"I cannot free another, and no one can free me. Freedom is acquired with the responsibility that sustains it." ~ Eric Schaub
The Great Stagecoach Robbery
Column by new Root Striker David Calderwood.
Exclusive to STR
It’s Political Season and the airwaves are stuffed with Great Plans from Great Men, full of promises to Fix This and Fix That. I guess the goal is, “He who makes the Most Believable Promises Wins.”
Does anyone else share my sense that I’m a passenger on a stagecoach that is being robbed?
I’m not alone on the stagecoach, of course, and it is instructive to watch how others respond to having guns stuck up their noses as sticky fingers reach for their money.
The Honorable Mr. Pol, a local magistrate and long-time town selectman, is negotiating with the robbers over how to apply their demands. His position includes words I don’t understand like VAT and FAIR and income distributions, but it is obvious his point is that the robbers’ hands grab the money from other passengers’ wallets. Mr. Pol has figured out that the robbers are members of the local Fraternity of Important People and part of the loot will end up in his re-election campaign, so the robbery is No Big Deal. In fact, he has no wish to see the robbers’ demands decrease at all. To the contrary, he suggests new ways to steal more efficiently. I even heard a rumor that Mr. Pol is the robbers’ “Inside Man.”
Mr. Wall, the local banker, is the richest man in the state. He has correctly recognized the robbers as his employees, so he happily surrenders his wallet, secure in the knowledge that he’ll get all of it back plus a percentage of the loot taken from other passengers, a prospect that causes him to exhort us all to hand over everything we have of value. He even offers to help the robbers take the money from our wallets without using guns and completely without our knowledge (the result is that our money buys less stuff, of course).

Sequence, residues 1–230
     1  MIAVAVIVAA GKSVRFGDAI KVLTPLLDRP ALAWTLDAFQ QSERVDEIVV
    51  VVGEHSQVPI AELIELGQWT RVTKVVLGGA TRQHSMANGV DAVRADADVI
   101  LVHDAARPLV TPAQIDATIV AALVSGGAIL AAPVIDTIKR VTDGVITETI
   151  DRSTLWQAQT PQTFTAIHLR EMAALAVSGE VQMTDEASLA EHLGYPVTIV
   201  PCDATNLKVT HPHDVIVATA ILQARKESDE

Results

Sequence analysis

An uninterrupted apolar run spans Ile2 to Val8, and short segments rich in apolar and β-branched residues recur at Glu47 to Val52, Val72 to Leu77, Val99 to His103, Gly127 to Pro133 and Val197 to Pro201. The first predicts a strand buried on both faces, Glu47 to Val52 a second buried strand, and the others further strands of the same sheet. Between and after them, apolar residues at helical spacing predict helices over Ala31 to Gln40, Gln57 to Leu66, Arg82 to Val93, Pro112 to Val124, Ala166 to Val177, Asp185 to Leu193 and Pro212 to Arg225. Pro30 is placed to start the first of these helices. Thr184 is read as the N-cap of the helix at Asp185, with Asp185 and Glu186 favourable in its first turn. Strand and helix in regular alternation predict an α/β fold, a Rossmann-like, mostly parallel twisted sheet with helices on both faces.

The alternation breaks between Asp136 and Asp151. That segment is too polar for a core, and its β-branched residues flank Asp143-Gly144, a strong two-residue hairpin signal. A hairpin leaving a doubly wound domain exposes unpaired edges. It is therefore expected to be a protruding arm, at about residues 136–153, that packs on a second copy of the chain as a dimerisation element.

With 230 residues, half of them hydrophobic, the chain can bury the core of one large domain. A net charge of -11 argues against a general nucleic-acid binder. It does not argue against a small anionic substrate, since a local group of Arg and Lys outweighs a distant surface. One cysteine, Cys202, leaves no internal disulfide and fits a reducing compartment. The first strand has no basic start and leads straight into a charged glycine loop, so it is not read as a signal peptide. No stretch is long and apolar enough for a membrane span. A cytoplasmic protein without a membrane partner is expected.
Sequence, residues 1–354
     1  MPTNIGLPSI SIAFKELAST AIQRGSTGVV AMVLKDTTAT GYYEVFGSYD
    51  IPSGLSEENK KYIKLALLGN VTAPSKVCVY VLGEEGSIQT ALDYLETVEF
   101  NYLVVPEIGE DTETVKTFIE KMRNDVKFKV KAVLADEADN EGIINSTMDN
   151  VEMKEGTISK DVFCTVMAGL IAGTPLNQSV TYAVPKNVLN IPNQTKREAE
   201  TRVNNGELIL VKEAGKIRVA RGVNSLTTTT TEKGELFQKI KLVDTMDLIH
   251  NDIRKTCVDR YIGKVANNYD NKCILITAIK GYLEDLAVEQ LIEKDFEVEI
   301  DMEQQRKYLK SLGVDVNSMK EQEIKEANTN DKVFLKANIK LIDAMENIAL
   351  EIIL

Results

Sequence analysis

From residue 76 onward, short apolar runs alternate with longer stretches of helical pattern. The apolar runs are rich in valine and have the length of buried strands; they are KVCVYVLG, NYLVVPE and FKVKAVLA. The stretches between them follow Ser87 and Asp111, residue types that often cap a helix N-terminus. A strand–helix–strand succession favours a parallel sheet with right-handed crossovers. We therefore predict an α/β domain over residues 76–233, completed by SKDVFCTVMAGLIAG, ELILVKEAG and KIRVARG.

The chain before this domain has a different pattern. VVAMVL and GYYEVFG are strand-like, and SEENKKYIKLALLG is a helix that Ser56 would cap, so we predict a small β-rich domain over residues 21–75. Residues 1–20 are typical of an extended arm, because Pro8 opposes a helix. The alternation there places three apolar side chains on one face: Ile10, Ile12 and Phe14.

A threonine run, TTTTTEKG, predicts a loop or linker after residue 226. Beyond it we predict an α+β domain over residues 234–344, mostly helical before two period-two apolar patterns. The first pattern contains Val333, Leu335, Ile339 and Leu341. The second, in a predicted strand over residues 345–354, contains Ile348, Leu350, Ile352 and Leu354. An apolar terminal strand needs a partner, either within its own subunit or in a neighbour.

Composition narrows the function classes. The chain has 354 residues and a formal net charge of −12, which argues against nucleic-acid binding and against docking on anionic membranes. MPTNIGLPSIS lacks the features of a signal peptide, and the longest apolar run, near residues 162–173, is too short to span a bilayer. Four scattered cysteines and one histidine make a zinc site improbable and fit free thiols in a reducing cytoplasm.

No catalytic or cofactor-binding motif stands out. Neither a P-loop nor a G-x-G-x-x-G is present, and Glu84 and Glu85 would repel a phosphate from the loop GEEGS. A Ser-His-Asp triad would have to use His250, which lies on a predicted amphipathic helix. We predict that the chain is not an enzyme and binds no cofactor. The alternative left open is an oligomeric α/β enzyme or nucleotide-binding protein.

Ms. Dee Pendant, a young wife and mother, tearfully thanks the robbers for their honorable actions. She gladly surrenders her purse and profusely thanks the robbers for not raping or murdering her. She has heard rumors (started, no doubt, by the robbers themselves) that the hills are teeming with barbarians who, in the absence of the robbers, would slaughter the stagecoach passengers with abandon. Her sister, a young unmarried woman with three kids, has nothing in her purse to steal and figures she may get a few coins the robbers drop as they ride away, so she, too, smiles and nods as the robbers strip me of my cash.
So there we have it, I am surrounded by people who benefit from my being robbed or have embraced the self-serving lies of the robbers themselves and thus encourage them to rob me even as those willing victims prostrate themselves in obeisance to the criminals who accost us. I am surrounded by people who have no wish to see the looting end or decline, only that they pay less and gain more from the process.
I like simple templates through which to interpret the world. Using this template, I can easily classify most pundits, newspersons, columnists, bloggers, academics, and other assorted Important People into one or another of my fellow passengers’ personas.
So long as I am surrounded by such scoundrels and the naïve, the odds favor a lot more robbery. Sadly, this degrades the value of all wealth for, in a place where everything can be stolen from you, why produce?
At its heart, the current system rests on the normalization of theft throughout Western Civilization. Every man and every woman is encouraged to take whatever swag their mitts can reach, creating a system that concentrates the dwindling wealth in a very few hands while impoverishing every other participant, willing or not.
It’s not rocket science to see what this promises to do to living standards. The real question is how a population steeped in a poverty of morality will react when the reality of financial poverty is fully grasped.
There is no honor among thieves.